8 out of 10
Michael Keaton as Ray Kroc
Directed by John Lee Hancock
The Founder Review
We get the best and the worst of capitalism in The Founder – the invigorating rush of seeing a good idea take root and become successful, and then the salacious nature of greed run amok and its capacity to overcome the better angels of our nature. Michael Keaton navigates us through all its facets – we root for his Ray Kroc to succeed, and then when he succumbs to his petty jealousies, self-indulgences, and selfish wants we realize we’ve been suckered all along. As a snapshot of America right now, The Founder is uncannily apt. Keaton’s performance is subversive and sly, and with some distance, may go down as one of his very best. Kroc is no bastion of free enterprise; it’s not even his idea that he runs with. But he knows an opportunity when he sees it, and a lot of the thrill of The Founder is wondering what we would have done in his stead, and quietly judging our own character against his.
Speaking of subversive, I love that The Founder was directed by John Lee Hancock, who wouldn’t ordinarily be the director who comes to mind for this kind of material. Hancock is a very good director, but he tends to make more directly emotional films like The Rookie, The Blind Side, or Saving Mr. Banks. And in the beginning, The Founder feels very much like one of those stories, of a little guy with big dreams, and the movie has shades of Frank Capra and Norman Rockwell Americana all through it. But Hancock wisely holds his cards until the film’s second half, when we see the flip side of all that entrepreneurship and go-getter mentality, and how high standards and quality can so easily slip away in the promise of profits and power. But The Founder isn’t obvious about it. When we realize just what kind of person Ray Kroc is, it’s too late, and we feel complicit because we were rooting for this guy before we realized exactly what he was really like.
Ray Kroc (Keaton) is a frustrated shake mixer salesman, working small town hamburger drive-thrus and not being very good at it. But Kroc is no quitter – he knows that if someone would just listen to what he’s pitching, surely he will be able to be successful. He’s not really selling shake mixers anyway; he’s selling himself. But when he receives a large order of mixers from San Bernadino, California, he is intrigued enough to drive across the country to find out about this strangely successful hamburger place. Enter the brothers McDonald. Dick (Nick Offerman) and Mac (John Carroll Lynch) have found the key to success – quality food, but with an almost automated efficiency and low overhead. Gone are the days of expensive drive-thrus and waiting 30 minutes for your food order. No, a McDonald’s hamburger is ready in 30 seconds, and it’s delicious and inexpensive to boot. There’s a line out to the street at McDonald’s, and Ray sees an opportunity to franchise this well-organized enterprise. But Kroc’s eternal chasing of profit conflicts directly with the McDonald brothers’ standards of excellence, and Kroc’s constant traveling and work puts a strain on his marriage to Ethel (Laura Dern).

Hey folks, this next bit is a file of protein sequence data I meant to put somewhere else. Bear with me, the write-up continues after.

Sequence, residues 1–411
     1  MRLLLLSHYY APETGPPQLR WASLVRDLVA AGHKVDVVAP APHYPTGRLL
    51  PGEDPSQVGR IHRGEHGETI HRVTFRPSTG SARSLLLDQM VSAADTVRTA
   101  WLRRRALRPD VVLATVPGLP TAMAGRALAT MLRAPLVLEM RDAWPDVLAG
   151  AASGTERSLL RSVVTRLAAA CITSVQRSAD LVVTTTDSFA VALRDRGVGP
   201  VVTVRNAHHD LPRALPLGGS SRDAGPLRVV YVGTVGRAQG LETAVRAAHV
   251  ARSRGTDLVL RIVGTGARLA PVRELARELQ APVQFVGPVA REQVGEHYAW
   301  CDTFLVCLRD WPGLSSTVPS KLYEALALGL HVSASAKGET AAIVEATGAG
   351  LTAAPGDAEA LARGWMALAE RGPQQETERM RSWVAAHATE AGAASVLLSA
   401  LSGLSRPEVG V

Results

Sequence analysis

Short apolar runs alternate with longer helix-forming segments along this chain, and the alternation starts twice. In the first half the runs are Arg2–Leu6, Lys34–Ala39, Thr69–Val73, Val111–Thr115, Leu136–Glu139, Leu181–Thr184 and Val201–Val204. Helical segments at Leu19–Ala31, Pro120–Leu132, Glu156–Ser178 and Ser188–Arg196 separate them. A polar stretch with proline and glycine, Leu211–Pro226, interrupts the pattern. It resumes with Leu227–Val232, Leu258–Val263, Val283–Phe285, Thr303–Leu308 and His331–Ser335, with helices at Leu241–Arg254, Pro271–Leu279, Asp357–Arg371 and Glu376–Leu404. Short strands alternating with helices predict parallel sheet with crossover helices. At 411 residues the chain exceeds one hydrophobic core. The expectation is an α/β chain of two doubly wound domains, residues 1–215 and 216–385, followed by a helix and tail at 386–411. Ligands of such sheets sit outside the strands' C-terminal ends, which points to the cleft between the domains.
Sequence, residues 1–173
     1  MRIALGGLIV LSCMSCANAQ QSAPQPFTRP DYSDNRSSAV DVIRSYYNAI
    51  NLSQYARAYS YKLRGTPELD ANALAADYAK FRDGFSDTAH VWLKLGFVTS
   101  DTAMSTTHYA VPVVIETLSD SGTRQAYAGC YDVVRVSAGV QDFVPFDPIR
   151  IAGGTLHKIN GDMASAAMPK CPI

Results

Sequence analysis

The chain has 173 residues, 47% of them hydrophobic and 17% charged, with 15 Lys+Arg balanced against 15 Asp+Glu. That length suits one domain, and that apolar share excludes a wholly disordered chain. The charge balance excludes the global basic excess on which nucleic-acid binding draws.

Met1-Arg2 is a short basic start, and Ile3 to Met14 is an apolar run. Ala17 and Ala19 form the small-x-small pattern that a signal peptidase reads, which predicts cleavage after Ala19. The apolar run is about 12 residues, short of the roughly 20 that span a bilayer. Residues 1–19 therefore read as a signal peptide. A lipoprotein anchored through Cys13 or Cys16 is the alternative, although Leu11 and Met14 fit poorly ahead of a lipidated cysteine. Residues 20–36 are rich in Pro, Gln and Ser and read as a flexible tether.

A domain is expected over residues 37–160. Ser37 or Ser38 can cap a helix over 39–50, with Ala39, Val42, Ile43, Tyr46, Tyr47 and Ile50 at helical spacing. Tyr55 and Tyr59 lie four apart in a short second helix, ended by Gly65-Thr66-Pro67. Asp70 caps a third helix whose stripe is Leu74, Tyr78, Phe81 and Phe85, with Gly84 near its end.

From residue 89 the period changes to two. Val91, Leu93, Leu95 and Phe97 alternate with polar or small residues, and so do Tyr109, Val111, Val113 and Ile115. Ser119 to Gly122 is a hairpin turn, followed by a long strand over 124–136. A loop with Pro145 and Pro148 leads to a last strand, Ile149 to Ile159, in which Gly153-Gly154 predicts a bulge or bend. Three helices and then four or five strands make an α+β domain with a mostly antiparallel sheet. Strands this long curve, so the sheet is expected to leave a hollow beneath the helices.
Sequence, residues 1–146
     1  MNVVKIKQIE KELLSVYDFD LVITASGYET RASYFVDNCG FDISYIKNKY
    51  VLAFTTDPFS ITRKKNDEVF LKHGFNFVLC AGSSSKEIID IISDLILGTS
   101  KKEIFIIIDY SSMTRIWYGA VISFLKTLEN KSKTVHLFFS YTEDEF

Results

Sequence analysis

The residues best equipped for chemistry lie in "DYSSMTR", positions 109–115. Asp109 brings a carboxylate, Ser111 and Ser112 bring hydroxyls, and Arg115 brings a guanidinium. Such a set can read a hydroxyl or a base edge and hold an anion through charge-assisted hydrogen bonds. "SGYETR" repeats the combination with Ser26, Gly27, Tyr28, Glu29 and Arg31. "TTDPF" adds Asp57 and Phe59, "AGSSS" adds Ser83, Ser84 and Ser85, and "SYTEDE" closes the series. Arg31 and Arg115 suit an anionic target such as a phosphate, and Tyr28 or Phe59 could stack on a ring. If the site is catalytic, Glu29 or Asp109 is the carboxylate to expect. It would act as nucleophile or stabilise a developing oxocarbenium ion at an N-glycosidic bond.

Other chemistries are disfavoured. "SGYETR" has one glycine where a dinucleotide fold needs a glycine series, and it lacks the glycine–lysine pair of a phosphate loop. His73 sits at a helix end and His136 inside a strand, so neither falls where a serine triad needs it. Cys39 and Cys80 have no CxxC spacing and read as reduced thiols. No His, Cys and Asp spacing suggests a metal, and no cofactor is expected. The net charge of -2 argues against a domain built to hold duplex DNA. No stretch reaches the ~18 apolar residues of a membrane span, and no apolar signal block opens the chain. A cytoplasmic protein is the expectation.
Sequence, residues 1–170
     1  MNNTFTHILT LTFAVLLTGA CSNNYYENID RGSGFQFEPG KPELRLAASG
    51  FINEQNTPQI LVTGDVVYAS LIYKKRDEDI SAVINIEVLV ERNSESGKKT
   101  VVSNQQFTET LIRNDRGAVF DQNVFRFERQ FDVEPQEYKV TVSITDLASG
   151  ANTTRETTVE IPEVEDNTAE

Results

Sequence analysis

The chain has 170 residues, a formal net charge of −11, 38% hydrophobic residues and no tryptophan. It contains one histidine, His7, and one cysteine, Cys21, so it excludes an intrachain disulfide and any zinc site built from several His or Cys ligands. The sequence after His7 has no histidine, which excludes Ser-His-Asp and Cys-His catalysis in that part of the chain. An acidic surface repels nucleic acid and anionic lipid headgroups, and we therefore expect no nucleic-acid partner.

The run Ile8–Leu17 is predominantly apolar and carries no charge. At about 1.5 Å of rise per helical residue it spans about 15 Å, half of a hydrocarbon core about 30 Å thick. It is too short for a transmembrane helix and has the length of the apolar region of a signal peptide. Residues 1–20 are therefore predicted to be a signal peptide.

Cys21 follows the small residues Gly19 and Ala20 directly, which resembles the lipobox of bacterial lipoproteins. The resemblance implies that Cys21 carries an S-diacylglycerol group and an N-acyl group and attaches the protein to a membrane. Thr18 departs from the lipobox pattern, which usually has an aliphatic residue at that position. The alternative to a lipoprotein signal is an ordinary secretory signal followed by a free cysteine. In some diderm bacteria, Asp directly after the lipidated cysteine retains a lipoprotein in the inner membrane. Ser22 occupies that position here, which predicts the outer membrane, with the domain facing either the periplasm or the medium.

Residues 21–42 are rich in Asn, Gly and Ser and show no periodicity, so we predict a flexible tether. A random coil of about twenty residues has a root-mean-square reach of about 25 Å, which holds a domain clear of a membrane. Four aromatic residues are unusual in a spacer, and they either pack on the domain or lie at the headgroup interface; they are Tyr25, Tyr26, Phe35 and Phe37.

Keaton isn’t the only actor doing terrific work here. Nick Offerman as Dick McDonald (although I don’t think I can ever get used to him being without his mustache) is funny, earnest, and determined, and ful of eagerness and good old American moxie. He’s not afraid to work hard for his money, which makes Kroc’s exploitation of his skills and his eager vigor even more despicable. John Carroll Lynch as Dick’s brother Mac has enough heart for both McDonalds; he just wants to see Dick’s dreams come true and help him create something that lasts. The rest of the supporting cast is wonderful as well, especially Linda Cardellini and Patrick Wilson as a married couple who want to invest in Kroc’s enterprise. (Patrick Wilson, if you’re familiar with his body of work, plays very much to type here. He seems to have a habit of playing ineffectual, weak-willed men, The Conjuring franchise excepted. He’s a wonderful actor, but he definitely has a template.) The movie has a brisk pace, and while the subject matter can be a little dry at times, Hancock keeps it moving well and the performances are good enough to savor.
But The Founder’s best aspect is the script by Robert Siegel, and at the end credits when his name appeared as the screenwriter, I said, “No wonder this was so good.” Robert Siegel is an expert in exploring both the good and the dark in people, in films like The Wrestler and Big Fan (which he also directed), of finding characters who see themselves as more important than they really are. When suddenly the light of the world shines upon his characters, the choices they make within that light are always fascinating to watch. (And see Big Fan if you haven’t – Patton Oswalt gives a truly great performance in it.)
When The Founder goes down a darker path, it’s Siegel who helps to orchestrate the change in tone, and makes us willing as an audience to follow Ray Kroc even as we begin to despise him. John Lee Hancock, Michael Keaton, and Robert Siegel surreptitiously turn Ray Kroc from a Horatio Algeresque heroic type to the worst aspects of free enterprise and greed, sometimes within a few minutes of each other. The Founder isn’t just about the creation of McDonald’s and everything that historic event means to the America we know now – The Founder chronicles exactly how we got here in the first place, and it’s not so much a window at times as it is a mirror. This is a very good film.